Chloasma, also known as melasma or “the mask of pregnancy,” is a common skin condition characterized by gray-brown patches, usually on the face. Here are three real-world examples related to motherhood:

Example One: A pregnant woman in her second trimester notices dark, irregular patches appearing on her forehead, cheeks, and upper lip. She visits her dermatologist who confirms that it’s chloasma, likely triggered by hormonal changes during pregnancy.

Example Two: After giving birth, a woman still has visible brown patches of chloasma on her face, which actually seemed to darken after delivery. Her doctor explains it may take several months for the hyperpigmentation to fade and may not entirely disappear. In the meantime, she is advised to wear sunscreen daily, as sunlight can trigger or worsen chloasma.

Example Three: A woman on hormone replacement therapy (HRT) during her menopause suddenly observes patches of hyperpigmentation appearing on her chin and cheeks. She consults her doctor, who tells her that this phenomenon called chloasma can be triggered not just by pregnancy, but by hormonal changes in general, including those that may be associated with menopause or HRT. In this case, the woman modulates her HRT dose under doctor’s supervision and is advised on good skincare routine to manage chloasma.

Frequently Asked Questions about Chloasma

What is Chloasma?

Chloasma, also referred to as Melasma, is a common skin condition that results in brown or gray-brown patches on the face. It often occurs during pregnancy hence it’s sometimes called “the mask of pregnancy.”

What causes Chloasma?

Chloasma is caused by an increase in the melanin production in the skin, which is often induced by hormonal changes, sun exposure, and genetic predisposition.

Is Chloasma harmful?

No, Chloasma is not harmful. It does not cause any physical discomfort. However, it might affect one’s cosmetic appearance and potentially lead to emotional discomfort.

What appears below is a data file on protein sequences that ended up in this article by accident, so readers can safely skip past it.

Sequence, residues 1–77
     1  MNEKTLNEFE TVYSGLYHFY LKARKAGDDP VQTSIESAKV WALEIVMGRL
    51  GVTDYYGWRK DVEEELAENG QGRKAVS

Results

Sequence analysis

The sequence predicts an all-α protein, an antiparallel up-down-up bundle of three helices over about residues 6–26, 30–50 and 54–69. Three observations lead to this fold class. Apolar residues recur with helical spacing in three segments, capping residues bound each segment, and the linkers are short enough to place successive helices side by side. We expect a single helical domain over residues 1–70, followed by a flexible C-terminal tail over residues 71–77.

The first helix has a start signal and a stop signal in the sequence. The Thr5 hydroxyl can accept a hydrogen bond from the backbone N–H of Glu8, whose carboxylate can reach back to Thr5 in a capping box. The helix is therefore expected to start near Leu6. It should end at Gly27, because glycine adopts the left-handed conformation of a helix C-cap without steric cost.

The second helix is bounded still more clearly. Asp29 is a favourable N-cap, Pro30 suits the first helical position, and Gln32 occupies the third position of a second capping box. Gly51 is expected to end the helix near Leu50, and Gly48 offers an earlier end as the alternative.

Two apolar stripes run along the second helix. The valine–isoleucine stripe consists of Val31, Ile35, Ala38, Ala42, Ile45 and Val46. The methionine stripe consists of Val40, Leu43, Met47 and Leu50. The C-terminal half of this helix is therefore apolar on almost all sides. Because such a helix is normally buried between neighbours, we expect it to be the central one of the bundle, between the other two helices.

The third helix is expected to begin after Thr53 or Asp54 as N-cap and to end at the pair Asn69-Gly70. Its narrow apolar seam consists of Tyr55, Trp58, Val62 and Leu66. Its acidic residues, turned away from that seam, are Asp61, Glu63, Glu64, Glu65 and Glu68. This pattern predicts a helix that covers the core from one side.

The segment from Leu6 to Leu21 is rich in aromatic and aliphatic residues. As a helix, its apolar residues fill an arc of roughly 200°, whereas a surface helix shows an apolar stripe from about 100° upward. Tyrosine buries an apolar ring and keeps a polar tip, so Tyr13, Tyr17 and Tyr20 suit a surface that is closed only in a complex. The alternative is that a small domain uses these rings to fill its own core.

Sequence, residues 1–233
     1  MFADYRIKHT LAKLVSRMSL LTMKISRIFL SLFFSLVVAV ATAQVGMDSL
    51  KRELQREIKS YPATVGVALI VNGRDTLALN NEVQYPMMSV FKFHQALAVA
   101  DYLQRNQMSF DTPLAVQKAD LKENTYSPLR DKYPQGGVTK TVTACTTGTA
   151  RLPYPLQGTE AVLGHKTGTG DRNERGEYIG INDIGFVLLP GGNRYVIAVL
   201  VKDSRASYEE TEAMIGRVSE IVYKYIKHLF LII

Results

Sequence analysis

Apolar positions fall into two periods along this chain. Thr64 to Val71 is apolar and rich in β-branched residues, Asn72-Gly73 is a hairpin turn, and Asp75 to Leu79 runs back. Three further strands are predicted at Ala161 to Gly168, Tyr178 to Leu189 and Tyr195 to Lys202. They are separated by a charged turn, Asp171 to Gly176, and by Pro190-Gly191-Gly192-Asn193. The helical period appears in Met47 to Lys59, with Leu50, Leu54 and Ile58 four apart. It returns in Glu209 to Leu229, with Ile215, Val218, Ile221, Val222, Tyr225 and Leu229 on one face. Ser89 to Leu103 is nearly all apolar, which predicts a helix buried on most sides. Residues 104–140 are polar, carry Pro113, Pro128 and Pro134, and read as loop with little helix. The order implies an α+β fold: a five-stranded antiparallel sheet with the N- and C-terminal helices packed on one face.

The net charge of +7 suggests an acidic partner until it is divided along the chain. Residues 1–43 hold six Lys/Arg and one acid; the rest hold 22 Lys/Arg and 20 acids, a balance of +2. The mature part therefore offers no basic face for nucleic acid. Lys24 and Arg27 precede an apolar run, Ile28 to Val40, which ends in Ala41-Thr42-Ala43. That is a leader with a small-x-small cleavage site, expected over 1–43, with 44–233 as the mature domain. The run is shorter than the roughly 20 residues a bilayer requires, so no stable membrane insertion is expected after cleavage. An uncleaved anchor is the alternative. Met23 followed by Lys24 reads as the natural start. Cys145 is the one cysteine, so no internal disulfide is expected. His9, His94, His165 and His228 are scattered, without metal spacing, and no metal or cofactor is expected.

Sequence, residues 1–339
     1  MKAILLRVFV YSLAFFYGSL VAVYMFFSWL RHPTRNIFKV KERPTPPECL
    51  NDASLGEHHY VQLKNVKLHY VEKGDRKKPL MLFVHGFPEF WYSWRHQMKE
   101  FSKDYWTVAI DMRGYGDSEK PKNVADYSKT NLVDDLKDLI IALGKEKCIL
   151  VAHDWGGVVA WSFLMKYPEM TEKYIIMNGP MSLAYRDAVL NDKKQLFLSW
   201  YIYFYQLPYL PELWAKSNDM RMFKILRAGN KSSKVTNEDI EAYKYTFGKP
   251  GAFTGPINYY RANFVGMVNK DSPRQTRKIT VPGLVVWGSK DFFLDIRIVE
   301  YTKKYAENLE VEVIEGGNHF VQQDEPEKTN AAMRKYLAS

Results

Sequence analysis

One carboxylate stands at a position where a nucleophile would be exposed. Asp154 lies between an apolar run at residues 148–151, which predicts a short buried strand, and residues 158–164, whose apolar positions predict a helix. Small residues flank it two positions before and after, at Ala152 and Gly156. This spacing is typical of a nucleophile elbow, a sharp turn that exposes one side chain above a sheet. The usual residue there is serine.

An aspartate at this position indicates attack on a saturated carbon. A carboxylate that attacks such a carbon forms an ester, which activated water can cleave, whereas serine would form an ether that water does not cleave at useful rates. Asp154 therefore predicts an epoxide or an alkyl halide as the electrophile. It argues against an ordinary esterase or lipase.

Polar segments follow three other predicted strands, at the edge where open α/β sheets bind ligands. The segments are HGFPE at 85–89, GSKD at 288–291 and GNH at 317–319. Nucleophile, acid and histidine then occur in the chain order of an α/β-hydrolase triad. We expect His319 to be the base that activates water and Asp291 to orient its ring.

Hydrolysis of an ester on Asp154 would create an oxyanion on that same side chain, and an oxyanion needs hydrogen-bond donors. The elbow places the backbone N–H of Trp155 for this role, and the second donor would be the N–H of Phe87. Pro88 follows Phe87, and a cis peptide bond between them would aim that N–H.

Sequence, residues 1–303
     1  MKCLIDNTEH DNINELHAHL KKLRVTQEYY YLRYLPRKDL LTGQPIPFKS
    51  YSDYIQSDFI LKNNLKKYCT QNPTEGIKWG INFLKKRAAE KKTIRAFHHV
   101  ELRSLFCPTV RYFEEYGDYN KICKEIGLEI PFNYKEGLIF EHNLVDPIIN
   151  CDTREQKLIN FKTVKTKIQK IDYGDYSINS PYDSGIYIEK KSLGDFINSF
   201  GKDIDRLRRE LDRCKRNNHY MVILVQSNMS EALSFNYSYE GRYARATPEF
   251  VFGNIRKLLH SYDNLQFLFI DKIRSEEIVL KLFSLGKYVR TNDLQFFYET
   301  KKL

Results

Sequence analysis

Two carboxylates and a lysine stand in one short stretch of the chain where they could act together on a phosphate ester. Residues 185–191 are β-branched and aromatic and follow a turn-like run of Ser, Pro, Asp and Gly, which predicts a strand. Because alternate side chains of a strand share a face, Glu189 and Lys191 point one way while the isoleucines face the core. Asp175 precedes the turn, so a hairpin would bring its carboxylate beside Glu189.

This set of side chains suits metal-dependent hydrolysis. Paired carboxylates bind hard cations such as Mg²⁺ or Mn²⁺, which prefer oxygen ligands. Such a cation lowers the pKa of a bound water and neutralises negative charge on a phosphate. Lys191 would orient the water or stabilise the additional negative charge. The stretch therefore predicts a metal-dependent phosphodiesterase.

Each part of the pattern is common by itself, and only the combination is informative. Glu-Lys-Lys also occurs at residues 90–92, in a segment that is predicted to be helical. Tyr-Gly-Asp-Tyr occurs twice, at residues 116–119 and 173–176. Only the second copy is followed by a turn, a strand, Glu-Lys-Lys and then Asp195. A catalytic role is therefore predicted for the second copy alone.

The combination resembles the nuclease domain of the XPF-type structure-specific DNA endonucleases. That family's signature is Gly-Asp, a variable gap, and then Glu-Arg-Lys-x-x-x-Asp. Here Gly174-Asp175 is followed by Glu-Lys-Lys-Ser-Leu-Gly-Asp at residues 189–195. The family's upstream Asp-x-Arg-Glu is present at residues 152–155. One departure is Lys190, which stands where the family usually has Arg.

Can Chloasma be prevented?

While hormonal changes can’t be prevented, considering sun protection methods like wearing hats, sunglasses, using sunblock, etc., can help reduce the chances of developing Chloasma.

What are the available treatments for Chloasma?

Treatments for Chloasma include topical agents containing hydroquinone, corticosteroids, tretinoin, kojic acid, and azelaic acid. In some cases, laser therapy might also be an option.

Related Motherhood Terms

  • Melanin production
  • Skin pigmentation
  • Pregnancy hormones
  • Sun exposure
  • Facial discoloration

Sources for More Information

  • WebMD: WebMD provides credible information, tools for managing health, and support to those who seek information about chloasma.
  • Mayo Clinic: Mayo Clinic is a nonprofit organization and proceeds from their website go towards patient care, research, and medical education related to chloasma.
  • Healthline: Healthline provides clear, simple, medically accurate information to help understand chloasma better.
  • Medical News Today: Medical News Today provides the latest news from the global medical and health sector, along with comprehensive articles about chloasma.